Tomás Luis de VICTORIA (1548-1611)
Lectio secunda ad matutinum [3:21]
Missa pro defunctis [24:53]
Motectum: Versa est in luctum [3:11]
Absolutio: Libra me [7:48]
O Domine Iesu Christe [2:30]
Domine, non sum dignus [2:44]
Salve Regina [7:15]
Vadam et circubio civitatem [7:05]
Collegium Vocale Ghent/Philippe Herreweghe
rec. no details supplied
PHI 005 [59:40]

Philippe Herreweghe doesn’t often venture into the Renaissance repertoire these days. That’s a great shame as he evidently has a natural affinity for this music. He also has a choir with the rare ability to combine grace with conviction, and to articulate with the utmost clarity, yet without ever disturbing the flow. The result here is a Victoria recording as fine as any, and one that makes the very best use of modern recording technology to capture both the detail and the atmosphere of these excellent performances. 

The central work on the programme is Victoria’s Officium Defunctorum, a Requiem setting from the days before the genre was firmly established under that name. The opening track, Lectio secunda ad matutinm, is taken from the same 1605 publication as the mass, and serves here as a prelude. It’s not very exciting, a simple homophonic setting, which demonstrates the precision of the choir’s ensemble, but doesn’t give much of an idea of what is to follow. When the mass itself begins in the second track, we are transported into another world, with Victoria’s contrapuntal intricacies surrounding us in the expansive stereo soundscape. The choir is actually relatively small, never larger than 12 singers, as is the venue. The singers’ projection, and the accuracy of their tuning and ensemble, ensure an attractively round and warm sound for all of Victoria’s textures. The choir is mixed, with female sopranos and counter-tenors on the alto lines. That does feel like a little bit of a compromise, although it is hardly unusual. Two sopranos sing the plainchant introductions and occasionally sound strained, at least in comparison with the tuttis that follow.
Herreweghe uses gradual increments in the dynamics to shape both the phrases and, to a certain extent, the movements too. That’s on top of variable dynamics within the ensemble to bring out the middle and lower parts. No doubt that is a tricky juggling act, but it never feels contrived. Neither do the tempos, which are occasionally brisk, but never excessively so.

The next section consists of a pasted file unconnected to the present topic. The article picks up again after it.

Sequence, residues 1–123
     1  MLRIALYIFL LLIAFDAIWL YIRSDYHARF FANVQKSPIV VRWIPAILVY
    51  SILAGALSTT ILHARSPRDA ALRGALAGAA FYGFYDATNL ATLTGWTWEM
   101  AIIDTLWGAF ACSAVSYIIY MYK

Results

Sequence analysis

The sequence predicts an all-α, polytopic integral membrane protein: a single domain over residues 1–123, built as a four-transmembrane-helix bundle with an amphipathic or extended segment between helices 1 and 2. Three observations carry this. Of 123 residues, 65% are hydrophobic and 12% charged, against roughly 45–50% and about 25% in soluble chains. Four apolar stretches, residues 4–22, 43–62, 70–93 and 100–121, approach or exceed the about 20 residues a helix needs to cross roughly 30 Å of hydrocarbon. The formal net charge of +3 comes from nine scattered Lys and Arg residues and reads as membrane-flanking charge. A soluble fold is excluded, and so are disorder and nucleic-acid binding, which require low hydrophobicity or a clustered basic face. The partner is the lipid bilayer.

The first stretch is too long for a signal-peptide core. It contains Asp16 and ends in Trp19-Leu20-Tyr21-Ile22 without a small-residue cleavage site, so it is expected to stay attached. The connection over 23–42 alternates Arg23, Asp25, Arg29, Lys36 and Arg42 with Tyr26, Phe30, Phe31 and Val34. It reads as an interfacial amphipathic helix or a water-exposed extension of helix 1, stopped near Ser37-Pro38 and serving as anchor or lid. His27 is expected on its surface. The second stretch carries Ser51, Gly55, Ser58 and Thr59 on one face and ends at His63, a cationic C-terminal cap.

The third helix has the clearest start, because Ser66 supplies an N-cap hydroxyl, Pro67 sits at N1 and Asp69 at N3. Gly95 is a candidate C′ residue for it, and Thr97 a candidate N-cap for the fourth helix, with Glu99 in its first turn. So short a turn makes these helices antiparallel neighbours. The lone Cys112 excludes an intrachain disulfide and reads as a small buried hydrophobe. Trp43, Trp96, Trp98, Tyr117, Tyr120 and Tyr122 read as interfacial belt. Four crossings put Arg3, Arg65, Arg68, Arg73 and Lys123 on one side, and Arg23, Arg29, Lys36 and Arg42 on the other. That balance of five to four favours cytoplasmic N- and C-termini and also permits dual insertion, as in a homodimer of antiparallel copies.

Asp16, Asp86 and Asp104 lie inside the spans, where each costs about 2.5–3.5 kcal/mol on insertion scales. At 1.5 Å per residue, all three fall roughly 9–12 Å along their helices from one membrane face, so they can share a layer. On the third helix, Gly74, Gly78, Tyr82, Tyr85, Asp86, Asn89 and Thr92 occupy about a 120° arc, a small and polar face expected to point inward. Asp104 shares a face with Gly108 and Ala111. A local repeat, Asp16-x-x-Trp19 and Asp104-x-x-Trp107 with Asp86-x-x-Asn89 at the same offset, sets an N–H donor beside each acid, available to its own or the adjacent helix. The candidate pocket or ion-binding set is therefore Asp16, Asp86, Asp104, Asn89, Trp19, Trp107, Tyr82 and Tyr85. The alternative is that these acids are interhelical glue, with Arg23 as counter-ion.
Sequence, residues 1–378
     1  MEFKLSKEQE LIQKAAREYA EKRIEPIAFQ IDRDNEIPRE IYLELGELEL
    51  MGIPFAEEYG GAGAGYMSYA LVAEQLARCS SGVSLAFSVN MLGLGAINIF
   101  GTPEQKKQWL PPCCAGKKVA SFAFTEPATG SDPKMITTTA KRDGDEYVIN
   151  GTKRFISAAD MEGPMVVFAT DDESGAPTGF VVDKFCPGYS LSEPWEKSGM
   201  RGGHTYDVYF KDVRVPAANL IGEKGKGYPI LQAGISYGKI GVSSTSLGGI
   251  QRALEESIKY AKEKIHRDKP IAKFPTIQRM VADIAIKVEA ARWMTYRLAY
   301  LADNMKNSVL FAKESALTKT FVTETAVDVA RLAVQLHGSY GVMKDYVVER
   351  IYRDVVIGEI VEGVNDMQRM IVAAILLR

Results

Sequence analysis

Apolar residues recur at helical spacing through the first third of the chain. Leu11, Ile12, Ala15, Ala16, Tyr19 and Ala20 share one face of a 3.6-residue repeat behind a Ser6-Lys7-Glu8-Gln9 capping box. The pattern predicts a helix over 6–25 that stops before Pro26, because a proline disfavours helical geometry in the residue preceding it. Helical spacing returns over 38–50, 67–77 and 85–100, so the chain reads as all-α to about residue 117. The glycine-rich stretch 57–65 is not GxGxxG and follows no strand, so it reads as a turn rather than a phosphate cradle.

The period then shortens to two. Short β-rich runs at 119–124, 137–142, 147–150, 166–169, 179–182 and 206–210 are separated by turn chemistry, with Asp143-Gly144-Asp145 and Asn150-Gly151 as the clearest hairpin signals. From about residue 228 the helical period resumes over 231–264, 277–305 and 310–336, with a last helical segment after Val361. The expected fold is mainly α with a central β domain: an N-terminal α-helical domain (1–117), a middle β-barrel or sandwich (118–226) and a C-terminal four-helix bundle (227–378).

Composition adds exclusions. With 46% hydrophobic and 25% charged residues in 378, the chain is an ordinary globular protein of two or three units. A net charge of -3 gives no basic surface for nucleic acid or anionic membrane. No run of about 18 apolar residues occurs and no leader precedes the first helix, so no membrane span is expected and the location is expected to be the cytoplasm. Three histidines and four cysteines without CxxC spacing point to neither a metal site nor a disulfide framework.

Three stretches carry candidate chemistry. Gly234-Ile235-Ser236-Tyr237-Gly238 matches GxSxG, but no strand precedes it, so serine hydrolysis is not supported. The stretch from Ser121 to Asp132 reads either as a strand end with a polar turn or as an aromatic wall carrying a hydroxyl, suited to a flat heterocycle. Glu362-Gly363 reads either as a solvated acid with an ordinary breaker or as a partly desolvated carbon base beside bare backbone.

The programme concludes with four of Victoria’s Motets. As the liner-note points out, Victoria’s reputation is based largely on his funereal music, so it is no bad thing to redress the balance with some of his more upbeat works. These Motets aren’t exactly joyous, but the mixed emotions that they express do at least move the music out of the gloom (glorious as it is) that most of us consider typical Victoria. Like the mass, most of these motets are in six parts, and they are of a similar level of density and complexity. Unlike in the mass, the counterpoint here is not based on fixed patterns from plainchant, allowing Victoria a great deal more flexibility in his melodic contours.
There is always a danger with Renaissance polyphony that it all blends into one, but the coupling on this disc makes the contrasts between the different aspects of Victoria’s work as explicit as possible. The clarity of the sung texts also helps remind even the most casual listener of the music’s original context.
I have recently been listening to recordings of Victoria from the Tallis Scholars and the Choir of Westminster Cathedral. This recording sits somewhere between those two poles, but draws on the best of both. It has all the atmosphere and depth of tone that the Westminster choristers can produce, but it also has the clarity of line and word that we hear from the Tallis Scholars. Even though Herreweghe and his choir don’t go to either of these extremes, they still give a distinctive interpretation that’s as good as any of their rivals.

Gavin Dixon

A distinctive interpretation that’s as good as any of the rivals.